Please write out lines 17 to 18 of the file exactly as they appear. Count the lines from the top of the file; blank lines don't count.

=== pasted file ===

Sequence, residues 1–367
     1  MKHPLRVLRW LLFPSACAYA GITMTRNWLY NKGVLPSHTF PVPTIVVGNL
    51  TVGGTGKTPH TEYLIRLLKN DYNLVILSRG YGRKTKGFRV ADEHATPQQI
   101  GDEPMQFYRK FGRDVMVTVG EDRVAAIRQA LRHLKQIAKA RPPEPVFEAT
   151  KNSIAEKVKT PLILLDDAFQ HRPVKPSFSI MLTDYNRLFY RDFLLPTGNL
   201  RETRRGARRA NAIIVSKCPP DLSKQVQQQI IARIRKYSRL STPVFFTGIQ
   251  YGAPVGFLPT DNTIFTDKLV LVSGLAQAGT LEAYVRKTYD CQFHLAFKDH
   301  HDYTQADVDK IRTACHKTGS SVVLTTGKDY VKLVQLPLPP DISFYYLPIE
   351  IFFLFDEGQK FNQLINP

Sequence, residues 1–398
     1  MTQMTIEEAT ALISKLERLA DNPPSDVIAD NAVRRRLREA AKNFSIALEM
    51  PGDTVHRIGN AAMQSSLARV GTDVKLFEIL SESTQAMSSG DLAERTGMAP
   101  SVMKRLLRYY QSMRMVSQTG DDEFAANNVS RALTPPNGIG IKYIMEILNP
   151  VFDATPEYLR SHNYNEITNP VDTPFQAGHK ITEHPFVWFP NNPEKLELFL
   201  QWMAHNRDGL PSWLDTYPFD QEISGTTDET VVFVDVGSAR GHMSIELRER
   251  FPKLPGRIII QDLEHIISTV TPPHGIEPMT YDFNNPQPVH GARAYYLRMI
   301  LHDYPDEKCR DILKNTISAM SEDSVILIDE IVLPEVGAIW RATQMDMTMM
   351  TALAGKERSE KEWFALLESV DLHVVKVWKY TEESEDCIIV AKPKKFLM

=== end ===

   301  LHDYPDEKCR DILKNTISAM SEDSVILIDE IVLPEVGAIW RATQMDMTMM
   351  TALAGKERSE KEWFALLESV DLHVVKVWKY TEESEDCIIV AKPKKFLM